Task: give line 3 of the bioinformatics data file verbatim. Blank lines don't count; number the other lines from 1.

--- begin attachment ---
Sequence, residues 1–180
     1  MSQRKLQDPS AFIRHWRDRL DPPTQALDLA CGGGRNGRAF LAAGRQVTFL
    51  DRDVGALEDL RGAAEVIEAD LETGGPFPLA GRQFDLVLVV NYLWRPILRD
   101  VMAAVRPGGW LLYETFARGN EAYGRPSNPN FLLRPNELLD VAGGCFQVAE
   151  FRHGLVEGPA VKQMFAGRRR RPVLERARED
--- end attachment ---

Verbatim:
    51  DRDVGALEDL RGAAEVIEAD LETGGPFPLA GRQFDLVLVV NYLWRPILRD